Soundscapes of the Ancient Greek World
Center for Hellenic Studies in Greece
June 15-18, 2017
Despite the recent surge of interest in ancient Greek music, the broader auditory culture of the Greek world and its various representations in literature, philosophy, and art have yet to be fully examined. The development of Sound Studies, however, now provides us with a variety of methodologies for approaching sound, even for cultures from which no recordings survive. This conference aims to bring classical scholarship together with Sound Studies by focusing on the topic of soundscapes, a term first coined by R. Murray Schafer to refer to our sonic environment. Our aim is not so much to reconstruct ancient soundscapes as it is to think about their literary and artistic representations, as well as the various forms of interaction between these acoustic representations and the physical environment or performance context within which a work was produced or displayed.
One way of addressing this relationship is to explore the ways in which different sounds—human, animal, elemental, technological—are incorporated within Greek poetry, and how they interact with other senses. What role can sounds play, for example, in an ecphrasis like that of Achilles’ shield in Iliad XVIII, with its depictions of the two cities, the one at peace and the other at war? What effects might descriptions of sound have on the sound of the poetry itself and the reception of its performance? In the case of inscriptions, such as inscribed paeans or epigrams, how might references to sounds interact with the object’s physical landscape?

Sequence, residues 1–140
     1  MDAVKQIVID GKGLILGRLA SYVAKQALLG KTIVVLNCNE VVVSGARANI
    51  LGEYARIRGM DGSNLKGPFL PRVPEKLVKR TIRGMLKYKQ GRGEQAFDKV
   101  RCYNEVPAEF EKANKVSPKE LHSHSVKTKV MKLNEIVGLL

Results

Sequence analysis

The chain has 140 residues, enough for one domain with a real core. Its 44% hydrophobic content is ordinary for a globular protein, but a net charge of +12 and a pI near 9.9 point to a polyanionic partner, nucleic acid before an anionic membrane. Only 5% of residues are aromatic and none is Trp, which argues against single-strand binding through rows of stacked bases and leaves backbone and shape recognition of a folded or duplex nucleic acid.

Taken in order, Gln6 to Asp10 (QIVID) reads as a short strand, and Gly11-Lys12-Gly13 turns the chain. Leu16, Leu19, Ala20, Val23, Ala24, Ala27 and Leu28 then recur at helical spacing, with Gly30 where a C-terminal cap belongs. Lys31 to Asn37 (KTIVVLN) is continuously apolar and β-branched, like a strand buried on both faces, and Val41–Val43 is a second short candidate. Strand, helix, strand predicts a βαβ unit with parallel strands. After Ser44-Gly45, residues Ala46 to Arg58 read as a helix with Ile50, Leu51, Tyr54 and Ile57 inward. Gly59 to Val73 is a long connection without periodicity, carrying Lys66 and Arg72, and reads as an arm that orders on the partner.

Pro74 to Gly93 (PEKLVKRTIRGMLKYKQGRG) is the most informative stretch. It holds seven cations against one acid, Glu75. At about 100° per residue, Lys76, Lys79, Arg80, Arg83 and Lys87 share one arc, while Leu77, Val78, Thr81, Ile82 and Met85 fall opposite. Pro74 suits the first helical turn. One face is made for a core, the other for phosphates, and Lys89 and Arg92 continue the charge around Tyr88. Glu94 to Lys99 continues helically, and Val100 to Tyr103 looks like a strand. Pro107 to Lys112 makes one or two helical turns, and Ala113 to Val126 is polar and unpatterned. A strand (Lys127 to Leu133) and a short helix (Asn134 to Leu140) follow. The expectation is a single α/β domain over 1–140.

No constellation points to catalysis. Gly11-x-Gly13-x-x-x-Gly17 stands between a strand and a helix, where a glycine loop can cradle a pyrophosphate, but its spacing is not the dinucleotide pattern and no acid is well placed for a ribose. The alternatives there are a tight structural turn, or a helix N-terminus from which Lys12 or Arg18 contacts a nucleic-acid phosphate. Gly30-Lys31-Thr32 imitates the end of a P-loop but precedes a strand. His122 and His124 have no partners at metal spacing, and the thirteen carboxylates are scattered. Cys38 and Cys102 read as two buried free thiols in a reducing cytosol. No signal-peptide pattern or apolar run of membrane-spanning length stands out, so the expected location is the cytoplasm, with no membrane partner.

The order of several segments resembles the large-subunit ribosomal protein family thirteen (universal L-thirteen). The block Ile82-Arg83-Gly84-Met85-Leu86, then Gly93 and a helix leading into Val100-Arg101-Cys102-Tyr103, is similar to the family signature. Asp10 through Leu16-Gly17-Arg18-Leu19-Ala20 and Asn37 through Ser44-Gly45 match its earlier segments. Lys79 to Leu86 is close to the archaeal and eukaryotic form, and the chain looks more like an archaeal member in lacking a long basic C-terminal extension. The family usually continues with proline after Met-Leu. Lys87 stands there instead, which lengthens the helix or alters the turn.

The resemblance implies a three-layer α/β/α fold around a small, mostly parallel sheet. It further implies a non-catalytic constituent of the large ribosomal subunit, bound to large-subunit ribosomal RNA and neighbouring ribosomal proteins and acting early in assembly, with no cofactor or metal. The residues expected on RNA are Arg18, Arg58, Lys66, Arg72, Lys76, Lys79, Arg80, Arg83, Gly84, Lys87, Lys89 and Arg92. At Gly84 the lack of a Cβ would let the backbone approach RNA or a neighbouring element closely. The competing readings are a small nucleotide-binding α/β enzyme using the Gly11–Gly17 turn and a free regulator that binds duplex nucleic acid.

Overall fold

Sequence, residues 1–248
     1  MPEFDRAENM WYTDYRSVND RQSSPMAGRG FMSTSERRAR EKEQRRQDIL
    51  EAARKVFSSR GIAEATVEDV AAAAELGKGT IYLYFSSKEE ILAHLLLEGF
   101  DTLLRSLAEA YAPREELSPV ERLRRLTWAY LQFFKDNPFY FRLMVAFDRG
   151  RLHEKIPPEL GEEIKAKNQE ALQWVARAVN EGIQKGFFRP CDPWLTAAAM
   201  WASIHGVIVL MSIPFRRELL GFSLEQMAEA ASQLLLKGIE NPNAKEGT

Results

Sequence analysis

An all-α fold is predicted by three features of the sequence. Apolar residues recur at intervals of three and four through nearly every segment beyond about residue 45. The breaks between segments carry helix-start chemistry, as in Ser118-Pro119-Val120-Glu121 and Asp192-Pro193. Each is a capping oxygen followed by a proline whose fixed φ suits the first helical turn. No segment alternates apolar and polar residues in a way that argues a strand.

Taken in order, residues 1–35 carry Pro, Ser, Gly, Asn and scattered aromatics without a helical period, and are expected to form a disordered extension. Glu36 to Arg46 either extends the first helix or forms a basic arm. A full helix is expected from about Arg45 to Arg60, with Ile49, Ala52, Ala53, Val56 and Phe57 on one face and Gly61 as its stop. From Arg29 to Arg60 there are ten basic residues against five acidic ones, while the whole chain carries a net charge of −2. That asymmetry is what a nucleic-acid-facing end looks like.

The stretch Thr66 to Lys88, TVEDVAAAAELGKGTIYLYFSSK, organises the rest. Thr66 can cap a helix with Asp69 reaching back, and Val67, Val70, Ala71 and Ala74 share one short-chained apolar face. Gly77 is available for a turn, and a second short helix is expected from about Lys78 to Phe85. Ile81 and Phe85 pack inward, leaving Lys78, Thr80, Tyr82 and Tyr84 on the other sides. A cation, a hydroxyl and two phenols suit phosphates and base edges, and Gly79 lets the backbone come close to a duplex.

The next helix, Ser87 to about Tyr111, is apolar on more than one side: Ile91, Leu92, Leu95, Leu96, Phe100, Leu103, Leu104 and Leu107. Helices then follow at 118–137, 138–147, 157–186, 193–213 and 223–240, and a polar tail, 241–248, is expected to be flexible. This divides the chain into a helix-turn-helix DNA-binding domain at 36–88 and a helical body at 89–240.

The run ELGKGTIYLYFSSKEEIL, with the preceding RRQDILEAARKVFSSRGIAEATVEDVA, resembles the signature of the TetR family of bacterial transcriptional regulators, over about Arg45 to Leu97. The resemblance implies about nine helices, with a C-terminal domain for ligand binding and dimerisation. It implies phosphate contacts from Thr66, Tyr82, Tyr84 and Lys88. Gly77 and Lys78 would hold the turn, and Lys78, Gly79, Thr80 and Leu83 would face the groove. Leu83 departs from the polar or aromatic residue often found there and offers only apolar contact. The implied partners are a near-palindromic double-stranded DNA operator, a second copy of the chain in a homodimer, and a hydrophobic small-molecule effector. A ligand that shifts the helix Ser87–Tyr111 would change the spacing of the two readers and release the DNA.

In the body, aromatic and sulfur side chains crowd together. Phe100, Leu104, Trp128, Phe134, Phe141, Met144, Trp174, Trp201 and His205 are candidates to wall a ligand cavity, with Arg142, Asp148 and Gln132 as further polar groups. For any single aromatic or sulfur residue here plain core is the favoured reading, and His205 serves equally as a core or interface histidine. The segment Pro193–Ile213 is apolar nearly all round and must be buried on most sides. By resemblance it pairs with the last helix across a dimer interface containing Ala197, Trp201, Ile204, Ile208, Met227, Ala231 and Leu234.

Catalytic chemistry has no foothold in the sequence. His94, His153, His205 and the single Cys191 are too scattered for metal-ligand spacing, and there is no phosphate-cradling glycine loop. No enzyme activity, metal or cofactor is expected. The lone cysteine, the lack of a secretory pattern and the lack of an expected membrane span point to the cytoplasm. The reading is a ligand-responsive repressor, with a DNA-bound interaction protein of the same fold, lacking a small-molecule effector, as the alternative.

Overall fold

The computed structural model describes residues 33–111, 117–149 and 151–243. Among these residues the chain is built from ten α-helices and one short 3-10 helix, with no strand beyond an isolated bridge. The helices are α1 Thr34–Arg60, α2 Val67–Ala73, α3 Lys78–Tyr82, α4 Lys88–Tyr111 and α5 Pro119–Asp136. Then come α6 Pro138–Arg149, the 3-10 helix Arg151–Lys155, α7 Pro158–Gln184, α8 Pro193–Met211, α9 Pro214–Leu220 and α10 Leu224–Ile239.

This approach could also be applied to artistic representations of sonic production. What role might the image of an instrument or an inscription representing sound or song play within the narrative of a vase painting as a whole, specifically in terms of the environment it is meant to evoke? How might depictions of a choral song like the dithyramb correspond to the soundscape of its performance, and what levels of interaction might there be between the object itself, its pictorial design, and the sounds it represents?
One might also think about different types of sound in terms of signifying, defining, and even creating space. Following the work of Alain Corbin on how bell ringing can mark territorial identity, participants might consider how sound is linked to social space and specific civic and religious structures or rituals, such as the Theater of Dionysus or the Eleusinian Mysteries. To what extent can the soundscapes generated by site-specific performances shape an audience’s experience of their immediate landscape? In what ways can sounds demarcate different types of space, marking out, for example, a pastoral scene from an urban one?
We also invite participants to think about the reception and reconstruction of Greek soundscapes in later art and literature. How, for example, did early opera reimagine the sounds of the classical Greek theater as it attempted to recreate the tragic chorus? Or how and to what purpose is Dionysus’ musical departure from Alexandria, as narrated by Plutarch (Antony 75), adapted in the poetry of Cavafy or Leonard Cohen?
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